Business is normally defined as the practice of making one’s living by engaging in the trade of goods, services, or both, to customers, typically in exchange for money. The problem is that too many businesses have forgotten that they are corporate citizens. By doing so, they have shirked their responsibility to society.
A businesses is not only a legal entity, it is also a member of society and therefore a citizen. The U.S. federal diversity jurisdiction statute provides that a corporation is a citizen of both (1) the state where it is incorporated, and (2) the State where it has its principal place of business. As corporate citizen it has legal, ethical and economic responsibilities to society, the goal being to improve the standards of living and quality of life for the communities that surround them and maintain profitability for stakeholders.
As Robert Reich, in his most recent book The Common Good (2018) points out, “CEOs and directors of major corporations are also entrusted with the common good. It is no excuse for them to argue they have no choice but to do whatever it takes to maximize share prices. No law requires them to do this… corporations are responsible to all their shareholders.”
What distinguishes a social enterprise from a run-of-the-mill enterprise is that it takes a distinctive approach to business by seeking to balance profit with purpose. A social enterprise does business with a clear, bottom-up, social dimension intended to produce benefit for all. Its bottom line is transformation for good.
Social entrepreneurship is about doing good business well. It’s about achieving objectives that are meaningful for the business and its stakeholders. It’s about being a good corporate citizen.
Being a good corporate citizen is what makes social entrepreneurship meaningful…and valuable. It is valuable to those around you. But it also boosts your business. It increases brand awareness; it builds your reputation; and it improves the business environment.
As opposed to Sudoku-type approaches to business and economic development, social entrepreneurship does not limit the capacity of a business for abstraction to data analytics and information gathering. It does not polarize business and everyone else. It is not just about problem solving and decision making in relation to one single problem; there is always more than one answer to any problem, and solutions are influenced by the response of others to one’s actions.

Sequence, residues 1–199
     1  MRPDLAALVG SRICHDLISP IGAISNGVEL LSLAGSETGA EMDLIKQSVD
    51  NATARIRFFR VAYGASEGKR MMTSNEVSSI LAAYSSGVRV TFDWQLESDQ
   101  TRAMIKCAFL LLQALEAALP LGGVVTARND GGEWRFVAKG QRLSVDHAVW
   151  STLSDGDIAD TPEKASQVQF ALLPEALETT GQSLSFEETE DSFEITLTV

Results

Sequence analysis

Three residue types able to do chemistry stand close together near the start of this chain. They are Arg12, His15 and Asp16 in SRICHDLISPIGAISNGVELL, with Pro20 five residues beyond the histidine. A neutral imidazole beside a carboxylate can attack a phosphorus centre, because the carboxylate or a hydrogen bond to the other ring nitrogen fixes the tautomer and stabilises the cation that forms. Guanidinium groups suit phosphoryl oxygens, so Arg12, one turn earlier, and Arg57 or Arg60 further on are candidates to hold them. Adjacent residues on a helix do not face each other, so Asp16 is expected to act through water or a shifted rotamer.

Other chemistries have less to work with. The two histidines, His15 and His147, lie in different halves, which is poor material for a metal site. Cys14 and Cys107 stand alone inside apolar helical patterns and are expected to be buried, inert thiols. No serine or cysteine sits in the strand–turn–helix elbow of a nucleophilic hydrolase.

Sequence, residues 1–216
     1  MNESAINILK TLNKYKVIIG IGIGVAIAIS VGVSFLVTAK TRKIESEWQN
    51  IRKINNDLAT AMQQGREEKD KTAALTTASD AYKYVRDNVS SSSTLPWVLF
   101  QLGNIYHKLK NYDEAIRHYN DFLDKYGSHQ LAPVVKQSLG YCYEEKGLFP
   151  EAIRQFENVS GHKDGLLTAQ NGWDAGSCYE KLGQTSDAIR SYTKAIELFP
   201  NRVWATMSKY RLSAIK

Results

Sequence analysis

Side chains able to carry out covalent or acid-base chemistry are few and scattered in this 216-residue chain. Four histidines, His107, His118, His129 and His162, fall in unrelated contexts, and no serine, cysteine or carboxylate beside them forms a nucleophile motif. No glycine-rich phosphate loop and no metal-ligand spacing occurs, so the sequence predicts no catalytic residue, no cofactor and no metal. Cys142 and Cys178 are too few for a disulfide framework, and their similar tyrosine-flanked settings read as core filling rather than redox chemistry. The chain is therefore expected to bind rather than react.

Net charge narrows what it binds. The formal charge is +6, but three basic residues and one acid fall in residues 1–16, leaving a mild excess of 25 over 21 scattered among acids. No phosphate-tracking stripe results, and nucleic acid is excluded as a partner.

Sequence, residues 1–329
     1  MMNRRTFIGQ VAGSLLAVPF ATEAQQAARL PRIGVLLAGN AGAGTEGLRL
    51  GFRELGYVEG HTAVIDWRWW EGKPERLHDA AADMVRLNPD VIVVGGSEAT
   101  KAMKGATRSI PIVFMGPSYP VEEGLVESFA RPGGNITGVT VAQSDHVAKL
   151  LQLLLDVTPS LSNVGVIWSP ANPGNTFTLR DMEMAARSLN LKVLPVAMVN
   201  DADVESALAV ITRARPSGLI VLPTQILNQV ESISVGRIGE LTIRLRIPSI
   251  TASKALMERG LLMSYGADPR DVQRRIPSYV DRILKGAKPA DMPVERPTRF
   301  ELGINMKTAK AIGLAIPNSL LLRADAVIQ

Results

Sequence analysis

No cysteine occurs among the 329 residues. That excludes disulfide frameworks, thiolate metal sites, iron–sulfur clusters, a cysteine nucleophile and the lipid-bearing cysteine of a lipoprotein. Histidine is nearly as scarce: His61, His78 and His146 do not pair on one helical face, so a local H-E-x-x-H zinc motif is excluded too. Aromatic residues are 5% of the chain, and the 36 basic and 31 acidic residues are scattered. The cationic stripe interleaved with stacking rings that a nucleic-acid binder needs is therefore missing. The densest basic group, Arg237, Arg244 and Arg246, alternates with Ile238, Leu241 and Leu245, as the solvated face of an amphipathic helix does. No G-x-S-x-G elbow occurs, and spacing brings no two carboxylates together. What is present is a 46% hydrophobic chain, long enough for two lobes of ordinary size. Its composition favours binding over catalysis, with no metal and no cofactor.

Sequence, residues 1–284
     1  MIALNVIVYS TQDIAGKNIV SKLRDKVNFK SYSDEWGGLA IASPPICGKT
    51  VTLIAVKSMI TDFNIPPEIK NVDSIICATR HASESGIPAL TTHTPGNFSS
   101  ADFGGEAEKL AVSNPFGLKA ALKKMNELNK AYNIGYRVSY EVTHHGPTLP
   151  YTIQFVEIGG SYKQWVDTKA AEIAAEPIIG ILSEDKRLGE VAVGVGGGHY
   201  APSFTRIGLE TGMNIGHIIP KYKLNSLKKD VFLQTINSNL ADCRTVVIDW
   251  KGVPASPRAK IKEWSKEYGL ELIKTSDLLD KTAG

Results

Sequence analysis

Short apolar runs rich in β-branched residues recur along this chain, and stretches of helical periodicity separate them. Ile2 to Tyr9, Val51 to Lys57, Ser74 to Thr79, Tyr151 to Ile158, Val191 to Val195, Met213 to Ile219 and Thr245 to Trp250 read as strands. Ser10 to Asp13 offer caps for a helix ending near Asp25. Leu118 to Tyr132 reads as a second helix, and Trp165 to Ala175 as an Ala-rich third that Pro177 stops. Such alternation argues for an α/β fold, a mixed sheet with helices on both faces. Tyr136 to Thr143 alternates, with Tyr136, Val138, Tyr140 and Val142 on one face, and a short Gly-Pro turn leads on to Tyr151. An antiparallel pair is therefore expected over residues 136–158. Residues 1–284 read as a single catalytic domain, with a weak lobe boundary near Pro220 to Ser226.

Social entrepreneurs don’t resolve problems or overcome challenges head-on or by deducing a unique solution on a nine-by-nine grid. They make decisions obliquely. They understand that the good business process is not just about SMART goals and strategies for achieving them. They take a multidimensional view of how business can achieve high-level objectives by balancing purpose with action, by being context-sensitive, by recognizing complexity and the need to continuously acquire new knowledge about the operational context, by deciding what to focus on and what to ignore, by accepting risk as a necessary and positive factor, and by reaching for success through a process of adaptation, iteration and constant rebalancing of seemingly incompatible components.
Like any business person, social entrepreneurs suffer from ignorance of the future. But unlike the dog-eat-dog profit seekers, social entrepreneurs anticipate the relevant questions for getting beyond better. They cultivate an unlimited capacity to imagine what the future might be… and then take action based on a very simple formula: Good finances + Good product/service + Good will + Good corporate citizenship= Good business.
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